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The Role of Workers and Labor Unions in the Egyptian Revolution: Video Interview with Hossam Hamalawy (Part 1)

[Image from Jadaliyya interview] [Image from Jadaliyya interview]

Jadaliyya is hereby presenting the first (deliberately belated) installment in a series called "A Portrait of a Revolutionary," featuring interviews with an Egyptian journalist and activist who was at the forefront of the Egyptian protest movement, Hossam Hamalawy.

Below is the first part of the interview, recorded in Arabic prior to Part 2 (on the role of the Egyptian army) and Part 3 (on the role of the Egyptial political and economic elite. The first part below deals with the role of the Egyptian Labor Unions in tipping the scale during the last days before Mubrak's resignation. This video was recorded on February 23rd. I opted for featuring the English language parts first. If any of our readers would like to volunteer to translate this video into English, please email me at info@jadaliyya.com.

 

Hossam addresses herein several themes including what the revolution was about and by whom. He also addresses the split between the more advantaged social groups/classes who are somewhat satisfied with the post-revolution status-quo. This separates them from the less privileged social groups/classes. The principal demands of workers are to end  corruption and institute full-time (as opposed to temporary) employment. Hossam also addresses the history of labor unions and their role in both the Egyptian context and in the revolution, including how they differ from the Tunisian labor unions. Finally, he also discusses the views of Egyptian protesters on the spread of demonstrations across the Arab world, as well as the impact of this on the United State and Israel.

 

I would like to make this a somewhat interactive interview by asking readers to pose their own questions to Hossam after watching the interview. Hossam already answered the readers' questions from the past interview. I will relay the most productive questions, so please feel free to post your (clear/concise) questions under the comments, below. 

The upcoming fourth part will be about the role and prospects of the Muslim Brotherhood, during and after the revolution. We will also address the question of "Islamists" and the fear of an "Islamist" take-over that is dinner-table discussion in mainstream circles in the United States (and perhaps in some circles in the Arab world).

Hossam El-Hamalawy is an Egyptian journalist and activist who maintains the popular site www.arabawy.org and has a piece on Jadaliyya here.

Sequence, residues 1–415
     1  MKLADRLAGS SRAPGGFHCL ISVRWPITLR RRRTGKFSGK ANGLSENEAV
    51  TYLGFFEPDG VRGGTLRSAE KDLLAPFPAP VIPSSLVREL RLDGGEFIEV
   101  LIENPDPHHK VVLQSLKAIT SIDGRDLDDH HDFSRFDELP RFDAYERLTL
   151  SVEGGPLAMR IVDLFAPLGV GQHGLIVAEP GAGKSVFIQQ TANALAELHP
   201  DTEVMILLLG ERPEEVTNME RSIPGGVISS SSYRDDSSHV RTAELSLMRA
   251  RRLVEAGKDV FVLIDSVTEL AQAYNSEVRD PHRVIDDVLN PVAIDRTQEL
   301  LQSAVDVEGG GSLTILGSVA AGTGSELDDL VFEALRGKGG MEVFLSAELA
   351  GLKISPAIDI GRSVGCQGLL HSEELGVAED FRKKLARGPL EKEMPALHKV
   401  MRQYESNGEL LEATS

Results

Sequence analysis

The Role of Workers and Labor Unions in the Egyptian Revolution: Video Interview with Hossam Hamalawy (Part 1) from Jadaliyya on Vimeo.

2 comments for "The Role of Workers and Labor Unions in the Egyptian Revolution: Video Interview with Hossam Hamalawy (Part 1)"

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Thanks so much for a series of extremely important interviews; it's amazing how so many 'serious' commentary websites simply overlook the whole workers/working class dimension and can't see beyond the unholy 'Elites-Islamists-Shabab' trinity. So thanks for the corrective.

My question seeks to pick up on 2 points Hossam raised: he mentioned 1) Workers' unions were coopted and incorporated into the post-revolutionary (1952) regime and 2) he and other leftists are seeking to set up an independent workers' party.

So I want to know how politically fragmented is the working class at the moment and how much work does your new party need to do to gain strong support from within it. How successful has the regime/NDP been at keeping radical ideas away from large segments of it, and how successful have groups such as the Muslim Brotherhood been amongst it? We know how important workers were in the uprisings, but I want to know how widespread and challenged such sentiments are amongst the class as a whole.

يعطيكم الف عافيه يا حسام وبسام

SK wrote on April 09, 2011 at 07:17 AM
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Dear Hossam, I agree with your points regarding the nature of the Egyptian revolution (not youth but all classes), the particular role the Egyptian working class played in the revolution, and not to trust the army particularly the top generals. One observation from reading the 3 interviews is the absence of the peasantry, in fact they are mentioned only once. This happens when Egypt is a rural society and majority of its population are rural. The Egyptian left according to you is looking to win over the junior army officers and conscripts, but the majority of these are from rural Egypt. Mobilization of rural sector can offer an opening for effective class struggle and real revolutionary transformation.

Mohamed Aly wrote on June 27, 2011 at 12:30 PM

If you prefer, email your comments to info@jadaliyya.com.

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